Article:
Nationwide applause to pay tribute to 72 years of NHS

NHS chief executive Sir Simon Stevens said he hoped the public would use the anniversary as an opportunity to “say a heartfelt thank you” to hospital staff.

Sir Simon said: “This year has been the most challenging in NHS history, with staff displaying extraordinary dedication, skill and compassion to care for the 100,000 patients with Covid-19 who needed specialist hospital treatment and many others besides.

“During this testing time our nurses, doctors, physios, pharmacists and countless more colleagues were sustained by the support of the public, not least through the weekly applause for key workers.

“No health service, not even the NHS, could have coped alone with this coronavirus pandemic.”

Chief executive for NHS Wales, Dr Andrew Goodall, said Clap for Carers was “very much embraced” in Wales, and he was “delighted” to support it.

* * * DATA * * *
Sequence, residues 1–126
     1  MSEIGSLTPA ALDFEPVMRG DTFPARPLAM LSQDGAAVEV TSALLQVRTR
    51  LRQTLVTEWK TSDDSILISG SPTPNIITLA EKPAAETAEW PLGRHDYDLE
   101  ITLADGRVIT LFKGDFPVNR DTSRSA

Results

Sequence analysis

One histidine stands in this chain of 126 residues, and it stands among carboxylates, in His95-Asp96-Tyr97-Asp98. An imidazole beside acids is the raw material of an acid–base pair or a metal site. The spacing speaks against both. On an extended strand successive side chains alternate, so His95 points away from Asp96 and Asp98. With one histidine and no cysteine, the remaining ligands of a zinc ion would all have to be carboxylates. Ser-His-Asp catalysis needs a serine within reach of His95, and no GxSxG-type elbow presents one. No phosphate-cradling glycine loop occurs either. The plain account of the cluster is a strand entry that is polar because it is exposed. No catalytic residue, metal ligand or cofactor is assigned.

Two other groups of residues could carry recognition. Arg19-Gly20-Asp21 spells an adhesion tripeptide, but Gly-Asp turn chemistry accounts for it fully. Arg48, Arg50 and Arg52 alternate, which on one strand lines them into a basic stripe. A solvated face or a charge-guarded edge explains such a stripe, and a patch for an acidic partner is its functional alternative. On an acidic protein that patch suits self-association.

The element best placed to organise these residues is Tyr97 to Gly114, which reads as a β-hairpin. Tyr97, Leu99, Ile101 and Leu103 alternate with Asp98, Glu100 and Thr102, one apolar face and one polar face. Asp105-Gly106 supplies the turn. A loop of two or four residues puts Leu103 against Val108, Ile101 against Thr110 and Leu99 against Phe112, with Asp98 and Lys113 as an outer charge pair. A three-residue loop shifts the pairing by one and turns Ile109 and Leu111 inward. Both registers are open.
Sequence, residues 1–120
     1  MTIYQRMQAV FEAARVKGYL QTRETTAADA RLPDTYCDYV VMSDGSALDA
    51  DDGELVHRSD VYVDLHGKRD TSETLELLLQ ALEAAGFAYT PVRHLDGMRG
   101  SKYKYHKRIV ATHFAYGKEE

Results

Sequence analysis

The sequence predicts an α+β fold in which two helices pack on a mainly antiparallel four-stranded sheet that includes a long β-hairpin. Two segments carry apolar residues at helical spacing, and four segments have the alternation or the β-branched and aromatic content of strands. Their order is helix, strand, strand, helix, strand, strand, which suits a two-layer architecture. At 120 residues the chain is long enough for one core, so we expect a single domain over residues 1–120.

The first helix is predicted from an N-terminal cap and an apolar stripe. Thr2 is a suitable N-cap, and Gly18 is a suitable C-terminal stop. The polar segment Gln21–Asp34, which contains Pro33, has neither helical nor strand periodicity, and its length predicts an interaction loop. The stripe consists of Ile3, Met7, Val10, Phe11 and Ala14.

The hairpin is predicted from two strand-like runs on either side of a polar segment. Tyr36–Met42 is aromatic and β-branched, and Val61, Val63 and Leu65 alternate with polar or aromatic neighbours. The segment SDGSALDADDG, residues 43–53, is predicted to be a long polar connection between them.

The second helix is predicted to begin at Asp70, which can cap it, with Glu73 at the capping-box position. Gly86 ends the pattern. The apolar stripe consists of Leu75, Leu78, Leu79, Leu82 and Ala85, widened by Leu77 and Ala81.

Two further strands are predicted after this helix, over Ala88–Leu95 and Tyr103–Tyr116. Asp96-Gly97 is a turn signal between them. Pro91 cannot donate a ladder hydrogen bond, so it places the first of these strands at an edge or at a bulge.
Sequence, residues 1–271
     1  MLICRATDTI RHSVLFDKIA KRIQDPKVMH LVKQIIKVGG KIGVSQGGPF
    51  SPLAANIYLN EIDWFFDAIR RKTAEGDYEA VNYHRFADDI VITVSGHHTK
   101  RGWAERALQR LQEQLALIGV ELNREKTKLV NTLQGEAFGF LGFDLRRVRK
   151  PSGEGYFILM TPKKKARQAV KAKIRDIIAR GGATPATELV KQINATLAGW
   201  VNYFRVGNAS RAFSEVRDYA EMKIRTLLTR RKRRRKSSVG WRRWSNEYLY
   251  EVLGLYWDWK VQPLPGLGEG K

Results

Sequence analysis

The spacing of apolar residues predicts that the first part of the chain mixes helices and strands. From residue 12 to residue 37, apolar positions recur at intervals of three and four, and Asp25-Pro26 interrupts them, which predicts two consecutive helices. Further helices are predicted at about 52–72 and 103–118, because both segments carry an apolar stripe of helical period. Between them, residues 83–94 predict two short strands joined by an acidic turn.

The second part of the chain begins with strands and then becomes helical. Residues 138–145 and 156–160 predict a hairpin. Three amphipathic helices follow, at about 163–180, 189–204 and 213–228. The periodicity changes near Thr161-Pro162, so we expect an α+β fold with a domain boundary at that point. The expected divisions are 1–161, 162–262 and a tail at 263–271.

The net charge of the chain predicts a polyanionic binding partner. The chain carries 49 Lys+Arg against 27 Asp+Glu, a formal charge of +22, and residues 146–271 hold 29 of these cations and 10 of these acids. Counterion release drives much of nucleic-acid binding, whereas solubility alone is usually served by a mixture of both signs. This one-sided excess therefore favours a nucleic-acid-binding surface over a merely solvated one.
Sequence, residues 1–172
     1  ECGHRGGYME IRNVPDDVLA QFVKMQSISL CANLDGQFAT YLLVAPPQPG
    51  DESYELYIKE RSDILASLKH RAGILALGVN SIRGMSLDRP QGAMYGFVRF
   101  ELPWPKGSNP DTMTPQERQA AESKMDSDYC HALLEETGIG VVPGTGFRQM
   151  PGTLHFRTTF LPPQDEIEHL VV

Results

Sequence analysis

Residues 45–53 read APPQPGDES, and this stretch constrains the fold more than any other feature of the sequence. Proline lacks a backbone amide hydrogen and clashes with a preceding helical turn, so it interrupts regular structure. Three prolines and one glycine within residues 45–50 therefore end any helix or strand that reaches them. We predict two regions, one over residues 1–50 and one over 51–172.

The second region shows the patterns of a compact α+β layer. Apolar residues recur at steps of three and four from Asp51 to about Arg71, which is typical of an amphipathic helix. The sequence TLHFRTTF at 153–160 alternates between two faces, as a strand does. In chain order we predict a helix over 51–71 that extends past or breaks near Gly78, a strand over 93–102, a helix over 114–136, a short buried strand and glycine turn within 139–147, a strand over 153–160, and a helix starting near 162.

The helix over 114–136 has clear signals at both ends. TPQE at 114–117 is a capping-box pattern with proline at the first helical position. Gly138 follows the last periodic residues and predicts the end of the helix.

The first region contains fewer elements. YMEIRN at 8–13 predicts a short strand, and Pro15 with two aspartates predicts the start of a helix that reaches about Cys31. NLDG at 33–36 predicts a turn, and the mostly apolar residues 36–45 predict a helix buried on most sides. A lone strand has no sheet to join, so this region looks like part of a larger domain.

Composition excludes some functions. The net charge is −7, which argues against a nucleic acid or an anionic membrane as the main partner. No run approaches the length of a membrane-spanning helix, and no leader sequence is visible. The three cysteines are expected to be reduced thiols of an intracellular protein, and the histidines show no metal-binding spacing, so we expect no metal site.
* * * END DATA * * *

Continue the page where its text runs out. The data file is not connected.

The nationwide clap has been organised following a letter from the Together coalition, in which influential figures including Sir Simon and the Archbishop of Canterbury Justin Welby voiced their support for making July 5 an official day of commemoration.

Labour leader Sir Keir Starmer said NHS staff needed a pay boost in the wake of the coronavirus outbreak.

He made the call during a virtual rally marking the 72 years of the NHS in which he praised health service staff for their efforts during the pandemic.

Sir Keir said: “The pride and the thanks that we have for the NHS, which is always there, is reinforced this year by everything that all the staff in the NHS have done in relation to the Covid crisis.

“Of course, we’re not through that, and it will be our NHS heroes and the bravery of what they do which will get us through whatever comes next.

“That’s why it’s very important that we don’t just say thanks, but recognise in a meaningful way what the NHS has done.

“And that’s why Labour supports those calling on the Government today to make an immediate commitment to talks on a pay rise for NHS workers.”

The comments came after unions representing more than 1.3 million nurses, cleaners, physiotherapists, healthcare assistants, dieticians, radiographers, porters, midwives, paramedics and other NHS employees wrote to the Chancellor and the Prime Minister calling for pay talks to start soon.

Source Article